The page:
Without proper confirmation, Ukrainian news portals Censor.net, Anticor.com.ua, InfoResist and a user on the Ukrainska Pravda forum have posted the news about the non-existent invasion of China in Russia early in the morning of October 15, 2014. Clashes between Russian and Chinese armies ostensibly resulted in casualties on both sides.
Here are some excerpts from the ‘breaking news:’ “Today at 10:00 Moscow time, all troops of the Eastern Military District of Russia were put on full alert.”
“This order, as reported by news agency RIA Novosti, was issued by Russian Commander-in-Chief President Vladimir Putin. Earlier media reported that the People’s Liberation Army of China began to amass its forces along the border with Russia. Formally, Putin’s order was issued as an alert. This was announced by Russian Defense Minister Sergei Shoigu at a special meeting.”
“At a briefing in Moscow, Sergei Lavrov said: “The massive shelling of our borders from Chinese territory, involving military equipment of the Armed Forces of China, started in early September, and the number is growing every day. On average, the Chinese military carries out 2 to 4 artillery shelling of border units a day.”
“A Russian checkpoint nearby Nakhodka came under attack from the Chinese territory. Border guards who came to the rescue, allegedly destroyed 3 truck with ammunition and damaged an APC (armored personnel carrier). After exchanging fire, 16 Russian border guards died on the spot and the rest were forced to retreated, LifeNews television channel reported.”
Then, it was reposted on the InfoResist website.
This ‘breaking news’ was also posted in forums of Ukrainska Pravda, one of the most credible news portals in Ukraine.
As it turned out, the news was infused through Twitter.
The original Twitter source of this news was the Voice of Donetsk which twitted it on October 8, 2014
with reference to VeraVera (+18) @VeraVolf
What a reliable source! Of course no such news was ever reported by RIA Novosti which was cited by both Ukrainian agencies. Anticor.com.ua also made reference, without providing the link to the source, to the “site of [the Ukrainian oligarch Ihor] Kolomoiskiy.” To increase credibility of the piece Ukrainian news agencies even cited commentary of Russian ‘witnesses’ confirming the invasion:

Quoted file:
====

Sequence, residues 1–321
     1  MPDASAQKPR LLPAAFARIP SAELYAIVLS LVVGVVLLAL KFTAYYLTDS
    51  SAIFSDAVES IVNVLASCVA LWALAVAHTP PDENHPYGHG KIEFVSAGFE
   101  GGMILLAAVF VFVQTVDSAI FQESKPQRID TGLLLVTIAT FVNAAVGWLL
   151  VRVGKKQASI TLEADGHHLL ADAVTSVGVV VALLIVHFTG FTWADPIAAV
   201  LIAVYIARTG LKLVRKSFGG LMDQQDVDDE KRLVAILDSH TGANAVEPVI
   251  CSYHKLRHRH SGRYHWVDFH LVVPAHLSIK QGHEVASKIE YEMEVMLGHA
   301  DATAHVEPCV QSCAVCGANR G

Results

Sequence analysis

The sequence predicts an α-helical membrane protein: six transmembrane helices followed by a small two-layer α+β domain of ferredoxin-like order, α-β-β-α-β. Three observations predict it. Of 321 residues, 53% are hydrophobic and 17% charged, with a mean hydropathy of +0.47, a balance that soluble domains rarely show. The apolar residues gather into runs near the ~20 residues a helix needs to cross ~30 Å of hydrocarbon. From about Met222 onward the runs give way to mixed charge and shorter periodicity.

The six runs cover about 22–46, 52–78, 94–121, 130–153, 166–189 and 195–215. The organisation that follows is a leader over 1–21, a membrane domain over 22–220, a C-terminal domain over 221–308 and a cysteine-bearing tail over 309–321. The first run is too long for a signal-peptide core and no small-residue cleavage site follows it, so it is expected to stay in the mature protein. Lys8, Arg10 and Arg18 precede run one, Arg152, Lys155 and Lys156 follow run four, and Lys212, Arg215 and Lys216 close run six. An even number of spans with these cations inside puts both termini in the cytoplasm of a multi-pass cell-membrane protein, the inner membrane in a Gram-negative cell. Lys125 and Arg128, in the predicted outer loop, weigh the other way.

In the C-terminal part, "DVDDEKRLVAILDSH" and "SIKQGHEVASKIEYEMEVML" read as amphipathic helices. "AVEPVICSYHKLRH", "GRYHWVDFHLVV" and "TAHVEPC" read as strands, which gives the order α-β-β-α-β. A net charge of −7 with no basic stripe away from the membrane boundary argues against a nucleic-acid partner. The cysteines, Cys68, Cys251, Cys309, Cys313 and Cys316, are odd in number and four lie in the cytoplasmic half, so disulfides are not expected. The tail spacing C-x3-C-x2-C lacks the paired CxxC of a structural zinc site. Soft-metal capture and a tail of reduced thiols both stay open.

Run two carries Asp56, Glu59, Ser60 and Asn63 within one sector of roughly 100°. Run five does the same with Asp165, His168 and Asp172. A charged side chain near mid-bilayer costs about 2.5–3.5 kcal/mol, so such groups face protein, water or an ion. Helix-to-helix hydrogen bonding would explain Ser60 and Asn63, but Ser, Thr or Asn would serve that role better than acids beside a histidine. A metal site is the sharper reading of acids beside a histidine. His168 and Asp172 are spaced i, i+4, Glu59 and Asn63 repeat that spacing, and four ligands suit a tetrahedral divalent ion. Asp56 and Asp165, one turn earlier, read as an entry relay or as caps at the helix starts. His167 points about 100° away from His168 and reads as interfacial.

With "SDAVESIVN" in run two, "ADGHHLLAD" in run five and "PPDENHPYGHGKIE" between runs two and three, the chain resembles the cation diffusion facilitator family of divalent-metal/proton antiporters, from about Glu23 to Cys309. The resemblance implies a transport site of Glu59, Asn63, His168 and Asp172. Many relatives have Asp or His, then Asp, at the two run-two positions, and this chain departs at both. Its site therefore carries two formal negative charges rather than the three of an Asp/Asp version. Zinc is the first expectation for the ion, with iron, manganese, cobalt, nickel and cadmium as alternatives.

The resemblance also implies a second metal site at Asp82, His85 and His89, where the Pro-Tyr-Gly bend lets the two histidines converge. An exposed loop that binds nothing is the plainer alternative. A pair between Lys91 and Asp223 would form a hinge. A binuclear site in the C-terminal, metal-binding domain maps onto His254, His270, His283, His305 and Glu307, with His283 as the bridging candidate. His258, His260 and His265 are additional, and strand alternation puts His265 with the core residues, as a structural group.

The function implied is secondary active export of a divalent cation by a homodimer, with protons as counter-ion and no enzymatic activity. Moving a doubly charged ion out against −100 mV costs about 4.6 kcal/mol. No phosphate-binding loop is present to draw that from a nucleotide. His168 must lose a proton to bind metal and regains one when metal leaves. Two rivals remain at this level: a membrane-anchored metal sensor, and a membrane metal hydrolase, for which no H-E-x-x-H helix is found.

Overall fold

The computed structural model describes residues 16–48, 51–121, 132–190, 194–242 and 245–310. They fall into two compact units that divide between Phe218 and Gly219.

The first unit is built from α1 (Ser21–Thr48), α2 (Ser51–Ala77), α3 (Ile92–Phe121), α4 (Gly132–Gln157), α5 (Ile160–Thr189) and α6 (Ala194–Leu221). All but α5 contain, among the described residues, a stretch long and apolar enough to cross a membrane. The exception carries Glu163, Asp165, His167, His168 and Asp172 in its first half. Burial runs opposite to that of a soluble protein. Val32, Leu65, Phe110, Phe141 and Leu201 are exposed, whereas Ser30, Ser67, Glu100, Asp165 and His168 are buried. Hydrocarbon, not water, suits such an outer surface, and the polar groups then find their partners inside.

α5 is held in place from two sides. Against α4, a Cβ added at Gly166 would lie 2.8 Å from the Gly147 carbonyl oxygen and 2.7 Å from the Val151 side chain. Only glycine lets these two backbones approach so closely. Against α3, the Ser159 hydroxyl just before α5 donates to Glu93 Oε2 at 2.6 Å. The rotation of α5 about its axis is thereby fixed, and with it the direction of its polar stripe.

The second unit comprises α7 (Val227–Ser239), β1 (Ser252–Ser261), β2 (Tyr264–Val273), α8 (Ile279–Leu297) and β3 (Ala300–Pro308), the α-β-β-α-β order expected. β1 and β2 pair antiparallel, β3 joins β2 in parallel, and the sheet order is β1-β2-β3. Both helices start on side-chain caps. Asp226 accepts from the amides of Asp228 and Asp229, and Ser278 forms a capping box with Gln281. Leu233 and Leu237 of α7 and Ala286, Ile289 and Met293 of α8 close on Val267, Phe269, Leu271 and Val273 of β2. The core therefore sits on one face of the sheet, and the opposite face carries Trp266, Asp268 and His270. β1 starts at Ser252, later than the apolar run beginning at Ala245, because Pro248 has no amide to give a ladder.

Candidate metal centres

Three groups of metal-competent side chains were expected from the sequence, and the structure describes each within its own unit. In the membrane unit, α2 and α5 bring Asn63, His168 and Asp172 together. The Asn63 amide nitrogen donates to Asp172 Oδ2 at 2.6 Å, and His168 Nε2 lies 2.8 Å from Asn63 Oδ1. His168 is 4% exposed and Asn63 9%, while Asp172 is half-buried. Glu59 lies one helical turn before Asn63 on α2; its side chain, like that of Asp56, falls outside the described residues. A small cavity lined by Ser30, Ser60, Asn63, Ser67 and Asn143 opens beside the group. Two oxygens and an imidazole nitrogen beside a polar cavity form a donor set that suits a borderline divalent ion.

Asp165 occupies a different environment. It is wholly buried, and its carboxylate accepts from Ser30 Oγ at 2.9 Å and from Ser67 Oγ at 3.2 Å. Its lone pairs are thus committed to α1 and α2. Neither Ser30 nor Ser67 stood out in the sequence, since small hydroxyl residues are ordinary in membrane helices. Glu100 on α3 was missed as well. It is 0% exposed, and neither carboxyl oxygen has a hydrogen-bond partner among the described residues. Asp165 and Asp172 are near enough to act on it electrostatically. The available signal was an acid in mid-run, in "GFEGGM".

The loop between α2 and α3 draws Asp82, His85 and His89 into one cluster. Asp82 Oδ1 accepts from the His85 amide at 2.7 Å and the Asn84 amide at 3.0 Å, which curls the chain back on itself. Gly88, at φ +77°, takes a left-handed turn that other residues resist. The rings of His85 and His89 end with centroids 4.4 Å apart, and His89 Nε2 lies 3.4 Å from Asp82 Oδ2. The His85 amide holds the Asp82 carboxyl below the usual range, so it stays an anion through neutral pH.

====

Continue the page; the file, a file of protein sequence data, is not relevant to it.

On September 12, Russian online news portal Lenta.ru did post a report were it merely stated that the Russian military was holding military drills near the Chinese border in response to the Chinese drills.
This provocation was meant to demonstrate that the Ukrainian media is just as prone to as its Russian counterpart to use propaganda methods. Russians use such tricks on some Ukrainian media channels that reproduce the news without proper fact checking so that they lose trust and credibility of their readers. Breaking news is nothing but a message that people want to hear.
Censor.net has responded immediately and urgently removed this news. The fake could have achieved its goal: at least three Ukrainian Internet resources Censor.net, Anticor.com.ua, InfoResist and forums of Ukrainska Pravda were compromised and discredited. Russian information provokers suppose that there could be less trust to their information because of this provocation. Russian trolls did a great job for Putin.
One mocking and derogatory Russian post confirms that it was a planned Russian provocation in which, unfortunately, some Ukrainian media were caught.
Internet posts, of course, can never be removed completely, they remain in the cache of Internet browsers and search engines.
It confirms again that information wars are conducted by trained Russian professionals. Uncoordinated and untrained Ukrainian volunteer news media with scarce or no funding become easy targets for Russia. Information war is a formidable front, but so far it seems it has not been taken seriously by the Ukrainian government. Ukraine already is losing the infowar abroad. For example, try to type “Ukraine deutsch” in a YouTube search. You will be much surprised with what you see (in German of course). Most of the materials are pro-Russian or in agreement with Russian point of view or filled with conspiracy theories that US would like to conquer Europe and Ukraine.
If such situations persist and appreciation of the severity of the infowar does not change in Ukraine the situation will be far worse. The funds directed at the Ukrainian electoral campaign are sometimes used by some Ukrainian politicians to throw dirt at each other and results in the deterioration of Ukraine’s image. Even if a fraction of the funds such as those spent today on the electoral campaign could be committed to the professional informational work against Russian informational warfare, the benefits for Ukraine would be great. There are some activities of the independent foundations directed to build up professional resources from uncoordinated volunteer groups in Ukraine, but they are far from sufficient. Perhaps in the near future this situation will change and more support for independent media and social networks activities will be forthcoming.
Written by Dr. Vitalii Usenko, MD, MBA, expert of the Center of Military-Political Studies in the sphere of psychology of communications and by Dmytro Usenko, student at Rotman School of Management, University of Toronto